Mamas, don’t let your babies grow up to be… ninjas? Well, with Baby Ninja by Michael Sandt ASteam – creating new media, users can put themselves in this baby’s shoes – I mean, diaper – rushing out into the open air to slay all the rotten fruit cluttering the skyline. Wait, what?
Yes, with Baby Ninja, this silly run and jump game, users must collect teddy bears and healthy fruits to gain points, slashing the rotten produce that gets in the way in order to accumulate a high number of points. Kick or slash the rotten fruits, collect the Ninja icons to run faster, and snatch up those teddies to stay alive.
When you begin, users who want to track their scores against Baby Ninja’s worldwide leaderboard will want to enable OpenFeint by either logging in to their existing account or creating a brand new one. After this, users will then proceed to the main screen where they will find the creepiest computer animated baby they have or ever will see. Scattered around this sword-wielding infant, users will see buttons leading to the various pages available. Scores allows users to access the OpenFeint leaderboards, while Options allows users to adjust the volume of the music and sound effects that accompany the game.
The Help button takes users to a page that maps out the entire game screen, explaining what each icon signifies and how each button functions. You will learn how to perform the baby’s special kicks and swashbuckling sword maneuvers, figure out where your highest score and current score are displayed, and learn that you must catch those flying teddies or loose life instead. For those visual learners out there, watch the How To Play video available on their website. You will find a link to the video at the bottom of the Help page, though it regrettably redirects you outside the app itself, requiring you to reload Baby Ninja once you want to play.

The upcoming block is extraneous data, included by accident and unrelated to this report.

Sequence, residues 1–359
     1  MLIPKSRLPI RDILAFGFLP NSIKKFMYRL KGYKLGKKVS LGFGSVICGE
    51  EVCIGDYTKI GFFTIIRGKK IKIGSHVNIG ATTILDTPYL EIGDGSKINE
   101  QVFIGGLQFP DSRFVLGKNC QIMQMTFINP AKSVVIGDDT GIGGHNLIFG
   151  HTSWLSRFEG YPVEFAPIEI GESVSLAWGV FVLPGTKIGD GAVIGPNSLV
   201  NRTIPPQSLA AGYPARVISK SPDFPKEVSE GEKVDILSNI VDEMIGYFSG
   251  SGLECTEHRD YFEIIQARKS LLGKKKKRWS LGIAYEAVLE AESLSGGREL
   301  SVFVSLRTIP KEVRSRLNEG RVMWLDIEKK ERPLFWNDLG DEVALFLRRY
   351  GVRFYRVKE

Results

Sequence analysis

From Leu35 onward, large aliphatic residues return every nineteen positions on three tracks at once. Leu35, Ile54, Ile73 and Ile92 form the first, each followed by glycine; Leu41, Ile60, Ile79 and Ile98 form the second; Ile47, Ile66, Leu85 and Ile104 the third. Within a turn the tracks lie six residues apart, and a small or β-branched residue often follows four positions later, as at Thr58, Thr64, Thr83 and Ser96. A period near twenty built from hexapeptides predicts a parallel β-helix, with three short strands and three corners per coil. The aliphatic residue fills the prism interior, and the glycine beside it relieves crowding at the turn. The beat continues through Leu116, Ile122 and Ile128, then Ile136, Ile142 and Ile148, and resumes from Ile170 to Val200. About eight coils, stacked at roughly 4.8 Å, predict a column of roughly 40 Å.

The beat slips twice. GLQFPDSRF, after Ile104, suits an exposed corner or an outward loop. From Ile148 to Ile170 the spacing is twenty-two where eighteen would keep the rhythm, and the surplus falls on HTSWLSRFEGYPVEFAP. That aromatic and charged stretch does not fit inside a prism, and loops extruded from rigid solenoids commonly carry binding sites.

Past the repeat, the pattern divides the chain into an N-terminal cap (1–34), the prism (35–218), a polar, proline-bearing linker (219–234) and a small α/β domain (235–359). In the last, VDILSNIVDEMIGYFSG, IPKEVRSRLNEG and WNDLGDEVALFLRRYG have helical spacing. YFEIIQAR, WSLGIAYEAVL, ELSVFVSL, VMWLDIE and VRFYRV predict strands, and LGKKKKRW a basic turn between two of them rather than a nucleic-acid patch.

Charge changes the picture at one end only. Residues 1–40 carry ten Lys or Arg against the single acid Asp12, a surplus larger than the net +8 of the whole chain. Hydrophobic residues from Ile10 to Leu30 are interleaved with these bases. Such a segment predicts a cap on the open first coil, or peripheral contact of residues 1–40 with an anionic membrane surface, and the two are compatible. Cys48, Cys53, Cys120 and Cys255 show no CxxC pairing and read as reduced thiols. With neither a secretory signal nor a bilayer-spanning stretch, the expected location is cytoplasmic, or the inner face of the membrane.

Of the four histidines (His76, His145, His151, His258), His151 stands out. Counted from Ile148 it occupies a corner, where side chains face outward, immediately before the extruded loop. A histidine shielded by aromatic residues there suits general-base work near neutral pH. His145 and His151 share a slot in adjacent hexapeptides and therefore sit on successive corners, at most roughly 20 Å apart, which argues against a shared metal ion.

Unfortunately, Baby Ninja fails to entertain for very long, causing users to lose interest because of its monotonous, repetitive game play. The baby only has four moves (round kick, throwing star, quick sword and foot kick) they may use to tackle the total of six good and bad fruits scattered throughout each level. Simply keep running forward, destroying the bad items and collecting the good. However, it’s hard to run, jump and slash the bad fruits when one finger is entirely preoccupied with making the baby run, making it much easier to rack up a negative score quite quickly. Baby Ninja begins with what feels like an addictive concept, but loses all appeal when you realize you are going absolutely nowhere, no challenges or accomplishments in sight. And, with a rather lofty price tag for such a simplistic game, this may be one baby you just don’t want to mess with.
There is also a lite version of Baby Ninja that you can download for free if you’re interested in testing the game out.
Baby Ninja [iTunes Link] requires iPhone OS 3.1.2 or later and is compatible with iPhone, iPad and iPod Touch. A small expedite fee was paid by the developer to speed up the publication of this review.